Therefore, we estimated excess cancer risk in bystanders exposed to cigarette smoke or HTP aerosol under usual indoor conditions using previously reported risk factors.

2. Methods

2.1. Ratios of Risk Factors and Nicotine Concentrations

Philip Morris International (PMI) studied and reported the impact of IQOS on indoor air quality in an environmentally controlled room using ventilation conditions recommended for simulating “Office”, “Residential”, and “Hospitality” environments [7]. We sought to validate the results obtained by this global tobacco company using an independent study to more appropriately evaluate the effect in real Japanese restaurant and bar environments and to compare the results against three different HTPs sold in Japan, not just IQOS, under the same conditions. Thus, the Japanese Ministry of Health, Labour and Welfare conducted a pilot exposure assessment with some risk characterization of nicotine and particulate matter (PM) from HTPs under two different conditions [8]. Using the nicotine concentration results obtained in this study, we compared the unit risk and average concentration of International Agency for Research on Cancer (IARC) type 1 and 2 carcinogens measured in tobacco smoke and HTPs and calculated the consumption risk [9]. The estimated risk ratio for HTP mainstream aerosol to tobacco smoke was 0.024.

2.2. Estimation Assumptions

The volume of nicotine inhaled in this scenario is represented by the nicotine concentration in mainstream smoke/aerosol and volume inhaled from 20 cigarettes/sticks per day. Because the Health Canada Intense (HCI) method is more representative of actual smoking behavior than the ISO method, we used the inhaled amount (55 mL/puff) described in the HCI method, and then, we calculated the concentration of nicotine inhaled by bystanders based on the concentration of nicotine in the room under usual indoor environmental test conditions. The human respiratory rate per day was assumed to be 20 m3 [6].

3. Results

The estimation process is summarized in Figure 1.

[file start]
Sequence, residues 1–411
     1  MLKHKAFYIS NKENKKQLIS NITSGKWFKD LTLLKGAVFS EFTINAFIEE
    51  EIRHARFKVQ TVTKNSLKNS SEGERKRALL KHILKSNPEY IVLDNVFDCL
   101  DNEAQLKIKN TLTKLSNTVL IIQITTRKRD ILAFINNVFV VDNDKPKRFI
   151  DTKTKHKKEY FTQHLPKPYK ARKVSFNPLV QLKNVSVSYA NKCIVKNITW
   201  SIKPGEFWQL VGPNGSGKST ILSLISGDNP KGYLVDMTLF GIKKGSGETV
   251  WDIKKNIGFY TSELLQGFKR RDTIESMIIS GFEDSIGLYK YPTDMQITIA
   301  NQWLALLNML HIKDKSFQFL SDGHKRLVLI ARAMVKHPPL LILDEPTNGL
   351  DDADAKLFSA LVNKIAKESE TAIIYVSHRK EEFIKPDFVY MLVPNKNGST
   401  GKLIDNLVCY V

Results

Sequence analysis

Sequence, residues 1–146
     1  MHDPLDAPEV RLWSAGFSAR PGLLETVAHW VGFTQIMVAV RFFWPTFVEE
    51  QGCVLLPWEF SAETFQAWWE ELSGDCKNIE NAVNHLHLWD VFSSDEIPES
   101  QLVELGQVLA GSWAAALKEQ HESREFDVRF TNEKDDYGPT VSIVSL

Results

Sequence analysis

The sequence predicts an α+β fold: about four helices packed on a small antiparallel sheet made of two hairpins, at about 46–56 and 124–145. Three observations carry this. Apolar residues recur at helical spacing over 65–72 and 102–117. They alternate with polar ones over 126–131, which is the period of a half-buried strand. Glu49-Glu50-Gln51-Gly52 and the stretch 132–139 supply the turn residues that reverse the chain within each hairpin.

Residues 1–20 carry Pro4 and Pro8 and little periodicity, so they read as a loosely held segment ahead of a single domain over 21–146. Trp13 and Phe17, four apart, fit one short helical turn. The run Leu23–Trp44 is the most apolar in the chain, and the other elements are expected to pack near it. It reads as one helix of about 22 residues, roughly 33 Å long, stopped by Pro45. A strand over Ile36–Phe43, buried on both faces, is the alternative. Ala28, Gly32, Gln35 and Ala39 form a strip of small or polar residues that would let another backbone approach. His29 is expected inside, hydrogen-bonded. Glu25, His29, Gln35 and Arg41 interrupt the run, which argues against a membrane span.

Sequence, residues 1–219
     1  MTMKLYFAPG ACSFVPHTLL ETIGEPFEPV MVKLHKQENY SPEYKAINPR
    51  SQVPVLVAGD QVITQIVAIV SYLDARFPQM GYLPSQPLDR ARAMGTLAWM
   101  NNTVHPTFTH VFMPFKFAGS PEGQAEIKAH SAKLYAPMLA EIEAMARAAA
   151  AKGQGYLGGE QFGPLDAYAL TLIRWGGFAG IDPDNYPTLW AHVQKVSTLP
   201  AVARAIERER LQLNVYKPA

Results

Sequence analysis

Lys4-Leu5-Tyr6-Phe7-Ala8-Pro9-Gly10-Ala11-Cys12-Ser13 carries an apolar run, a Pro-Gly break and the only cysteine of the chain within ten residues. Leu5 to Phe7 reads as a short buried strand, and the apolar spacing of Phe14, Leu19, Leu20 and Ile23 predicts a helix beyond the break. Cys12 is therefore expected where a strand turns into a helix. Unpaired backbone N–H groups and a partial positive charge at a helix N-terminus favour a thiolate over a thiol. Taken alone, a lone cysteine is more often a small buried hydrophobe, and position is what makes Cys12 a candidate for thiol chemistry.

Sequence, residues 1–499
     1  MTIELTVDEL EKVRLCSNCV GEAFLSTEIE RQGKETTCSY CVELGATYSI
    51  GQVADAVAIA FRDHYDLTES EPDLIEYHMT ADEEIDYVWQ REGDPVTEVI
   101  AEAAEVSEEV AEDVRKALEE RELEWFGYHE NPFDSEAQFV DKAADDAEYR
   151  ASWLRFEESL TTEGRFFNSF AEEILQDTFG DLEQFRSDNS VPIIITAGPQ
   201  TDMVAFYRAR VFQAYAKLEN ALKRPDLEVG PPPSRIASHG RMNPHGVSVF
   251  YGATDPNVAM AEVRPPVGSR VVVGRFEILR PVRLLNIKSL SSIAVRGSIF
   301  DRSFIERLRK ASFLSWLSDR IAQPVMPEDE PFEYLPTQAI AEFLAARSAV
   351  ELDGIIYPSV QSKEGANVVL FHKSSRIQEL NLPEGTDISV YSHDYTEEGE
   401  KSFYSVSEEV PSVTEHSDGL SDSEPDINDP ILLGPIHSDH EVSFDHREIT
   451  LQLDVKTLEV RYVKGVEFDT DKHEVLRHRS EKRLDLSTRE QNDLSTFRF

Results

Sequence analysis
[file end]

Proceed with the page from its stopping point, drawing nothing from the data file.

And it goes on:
We subsequently estimated that the lifetime excess cancer risk would be 1.9 × 10−3 for a daily consumption of 20 HTP sticks.
Lifetime excess cancer risk = (7.9 × 10−2) ×0.024 = 1.9 × 10−3.
We determined that the amount of nicotine inhaled when exposed to a Mevius One cigarette and a HTP IQOS cigarette was 3.2 mg/day and 5.4× 10−2 mg/day, respectively. Assuming that nicotine inhalation is proportional to cancer potency, we calculated from the ratio of inhalation that the lifetime excess cancer risk would be 8.3 × 10−3 and 2.7 × 10−6, respectively.
Rcig. = (7.9 × 10−2) × 3.2 (mg/day) ÷ {0.97 (mg/cig) × 20 (cig/d) × (55 mL/35 mL)} = 8.3 × 10−3
RIQOS = (1.9 × 10−3) × (5.4 × 10−2) (mg/day) ÷ {1.2 (mg/stick) × 20 (sticks/d) × (55 mL/35 mL)} = 2.7 × 10−6

4. Discussion

One guide that can be used when considering whether exposure to aerosols from a designated smoking room for HTPs is tolerable under the revised Health Promotion Act [5] is the VSD of lifetime cancer risk. Under usual environmental conditions, the nicotine concentration is at a tolerable level that does not warrant any concern [8], even after considering uncertain factors, and the lifetime cancer risk is expected to be below 10−5 (1/100,000). This is three orders of magnitude lower than that for cigarettes smoked under the same conditions. The cancer risk associated with exposure to cigarette smoke indoors is much higher than 10−5 and it is unclear whether the risk outdoors is below 10−5. Although using a different approach to estimate lifetime risk, a study in Iran found that lifetime cancer risk due to formaldehyde exposure in an outdoor cafe that allowed cigarette smoking exceeded 10−5 (1/100,000) [10].
Any holistic approach should account for this unambiguous reality. In public health, scale is always important. We think it is necessary for policymakers to assess tolerance for health impact using nicotine concentrations and lifetime cancer risk. Because of the absence of a threshold, it is nearly impossible, at least in Japan, to reach a consensus for requests to make spaces 100% tobacco-free [2,5]. Further, the public finds it difficult to understand why the outdoors remain unregulated. Therefore, to establish the best policies for the public, indoor and outdoor findings should be compared and evaluated using the same methods and standards.